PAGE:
I belong to a middle class family from Tamil Nadu who grew up in Delhi. Though I studied Botany in my undergrad, I quickly moved to programming and IT. The industry was just starting to boom and I sailed with the wave. My early days as a consultant software developer helped me to build the customer empathy skills and I enjoyed solving their problem through our products/solutions.
After working as a techie for a decade, I decided to move into the Business side and become a PM. I have built and scaled global products for Large Enterprises at SAP with thousands of users to products for SMBs with millions of users. Last few years have been more deeply involved in FinTech Products in the area of KYC, Taxes, Payroll and Payments with organizations like Intuit, Societe Generale and PayPal.
It celebrate the experiences I have gathered working with some exceptional leaders, my teams and organization. I am strong believer of continuous learning and staying curious and this led me to join initiatives at NASSCOM, GHCI and other platforms to learn about the Industry trends , meet diverse sets of people and understand the start up ecosystem. I enjoy coaching, mentoring and teaching Product Management topics to aspiring PMs and also coaching start-ups.
What does your typical day look like?
Now that I recently started my journey as a Freelancing Product Consultant, I am doing and exploring a variety of topics in a day.
- I surely spend sometime reading online and offline content in the product, technology, political and other spaces.
- I engage with 1 or 2 start-ups based on their needs across strategy, roadmap, growth areas, GTM, Discovery etc
- I usually park sometime to have a coaching session with my mentees or students
- I have a new side-gig on Financial Literacy for young adults and I love to talk to my "customers" or spruce up the content
- I usually try to gather sometime to synthesize and pen my thoughts based on reading and talking during the day or that week. I strongly believe that writing is a very critical skill for a PM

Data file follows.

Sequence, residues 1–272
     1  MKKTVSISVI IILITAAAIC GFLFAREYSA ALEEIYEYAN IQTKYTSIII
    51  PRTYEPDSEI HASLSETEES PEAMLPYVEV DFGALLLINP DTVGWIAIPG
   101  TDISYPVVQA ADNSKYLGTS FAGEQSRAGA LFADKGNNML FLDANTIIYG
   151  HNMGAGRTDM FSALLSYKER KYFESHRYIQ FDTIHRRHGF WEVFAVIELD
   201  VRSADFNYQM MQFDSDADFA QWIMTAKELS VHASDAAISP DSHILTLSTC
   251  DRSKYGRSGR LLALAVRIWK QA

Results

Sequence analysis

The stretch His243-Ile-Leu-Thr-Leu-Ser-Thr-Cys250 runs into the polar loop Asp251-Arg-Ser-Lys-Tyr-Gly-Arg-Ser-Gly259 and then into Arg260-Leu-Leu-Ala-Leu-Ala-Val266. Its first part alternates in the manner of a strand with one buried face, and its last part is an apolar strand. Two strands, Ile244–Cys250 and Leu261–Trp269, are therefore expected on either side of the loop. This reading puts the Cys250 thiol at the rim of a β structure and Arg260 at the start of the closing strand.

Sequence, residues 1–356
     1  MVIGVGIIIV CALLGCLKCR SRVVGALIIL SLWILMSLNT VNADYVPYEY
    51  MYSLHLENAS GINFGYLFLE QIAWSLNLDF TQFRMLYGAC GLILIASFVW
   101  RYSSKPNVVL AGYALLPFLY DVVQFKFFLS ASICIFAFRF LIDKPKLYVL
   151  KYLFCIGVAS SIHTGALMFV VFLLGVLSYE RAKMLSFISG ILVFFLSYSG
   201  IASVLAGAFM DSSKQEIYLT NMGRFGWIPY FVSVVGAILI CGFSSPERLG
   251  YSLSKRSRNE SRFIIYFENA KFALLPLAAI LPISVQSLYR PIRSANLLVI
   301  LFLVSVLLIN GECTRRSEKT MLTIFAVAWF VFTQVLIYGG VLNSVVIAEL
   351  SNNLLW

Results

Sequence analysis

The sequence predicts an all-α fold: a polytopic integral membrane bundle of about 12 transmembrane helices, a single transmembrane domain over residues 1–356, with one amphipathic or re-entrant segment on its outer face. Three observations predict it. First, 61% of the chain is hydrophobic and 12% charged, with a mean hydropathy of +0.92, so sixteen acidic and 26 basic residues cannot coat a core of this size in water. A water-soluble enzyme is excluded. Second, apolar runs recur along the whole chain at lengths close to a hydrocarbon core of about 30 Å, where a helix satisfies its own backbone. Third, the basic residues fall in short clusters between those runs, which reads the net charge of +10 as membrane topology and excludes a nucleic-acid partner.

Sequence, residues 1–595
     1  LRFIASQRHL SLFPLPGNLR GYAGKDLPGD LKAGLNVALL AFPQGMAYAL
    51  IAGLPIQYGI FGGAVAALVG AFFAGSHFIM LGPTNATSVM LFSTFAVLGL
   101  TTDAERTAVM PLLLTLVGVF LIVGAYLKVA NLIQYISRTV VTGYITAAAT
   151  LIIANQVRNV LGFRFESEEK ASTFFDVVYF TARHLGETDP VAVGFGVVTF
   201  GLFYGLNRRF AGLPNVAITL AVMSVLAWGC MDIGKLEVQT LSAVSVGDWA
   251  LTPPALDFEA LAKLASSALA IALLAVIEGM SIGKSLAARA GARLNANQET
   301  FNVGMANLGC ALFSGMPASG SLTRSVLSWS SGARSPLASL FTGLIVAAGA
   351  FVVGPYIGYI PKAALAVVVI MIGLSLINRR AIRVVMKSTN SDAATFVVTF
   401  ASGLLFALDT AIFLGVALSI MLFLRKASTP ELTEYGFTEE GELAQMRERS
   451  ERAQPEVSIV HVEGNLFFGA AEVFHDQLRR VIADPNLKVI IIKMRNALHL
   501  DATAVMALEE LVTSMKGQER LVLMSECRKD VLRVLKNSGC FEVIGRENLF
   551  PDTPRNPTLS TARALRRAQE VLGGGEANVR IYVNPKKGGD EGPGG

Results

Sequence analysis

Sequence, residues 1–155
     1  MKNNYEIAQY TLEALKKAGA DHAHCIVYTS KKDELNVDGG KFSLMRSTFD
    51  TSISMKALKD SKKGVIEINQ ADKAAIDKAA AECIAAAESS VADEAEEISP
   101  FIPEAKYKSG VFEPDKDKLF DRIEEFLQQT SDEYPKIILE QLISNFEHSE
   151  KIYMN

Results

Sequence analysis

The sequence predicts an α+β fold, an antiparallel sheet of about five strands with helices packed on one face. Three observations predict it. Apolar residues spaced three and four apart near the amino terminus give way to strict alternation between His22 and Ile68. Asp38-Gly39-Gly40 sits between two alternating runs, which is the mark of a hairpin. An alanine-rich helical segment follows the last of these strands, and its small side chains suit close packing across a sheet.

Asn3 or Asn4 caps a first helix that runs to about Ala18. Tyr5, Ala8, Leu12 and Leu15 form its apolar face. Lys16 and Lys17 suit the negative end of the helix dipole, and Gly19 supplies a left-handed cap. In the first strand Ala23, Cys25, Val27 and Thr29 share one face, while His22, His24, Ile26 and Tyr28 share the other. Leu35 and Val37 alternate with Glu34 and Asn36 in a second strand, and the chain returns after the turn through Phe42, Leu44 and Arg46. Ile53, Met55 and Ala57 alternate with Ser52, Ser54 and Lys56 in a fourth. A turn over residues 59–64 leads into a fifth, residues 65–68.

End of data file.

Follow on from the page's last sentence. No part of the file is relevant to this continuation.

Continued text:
- I love to network with other experts and professionals and try to catch up sometime on this.
Why did you choose to become a product manager? How do you see things differently than the rest?
I was an accidental PM as it was not a well known function during 2010. I loved learning and as much as possible experiencing the customer issues before deciding how to solve it. I always loved elements of problem solving, impact I can create with my work and products. PM is a vast function and provides a lot of variety based on the product, customer segments, product stage, organization and that always keep giving new challenges to solve for.
What's the one thing that you absolutely love about your job?
PM role has never ceased to surprise me or allowed me to get bored. With every different product and organization I have learnt tremendously and looking forward something new to learn every single day is something I absolutely love about this role.
What are some of the cool things that you are working on currently?
This is the first time that I am working for products in India and for India.
- Building the strategy and roadmap for an early stage start-up to build an intelligent lead generation system
- Creating workshops for financial literacy series for teenagers, young adults and Women
- Build the GTM strategy for an enterprise product
What are some of the emerging trends in your industry that excite you? And why?
The point that content, knowledge and access to these are democratized is very heartening. The aspect that there is increasing interest and awareness to learn and invest in new financial instruments amongst millennials is exciting. Web3 as the new platform will bring in a lot of changes in the way we operate and even build products Metaverse is and will be a great enabler in a variety of use cases
Do you follow any product/prioritization frameworks when making decisions? If yes, what are some of the top frameworks that you recommend and why?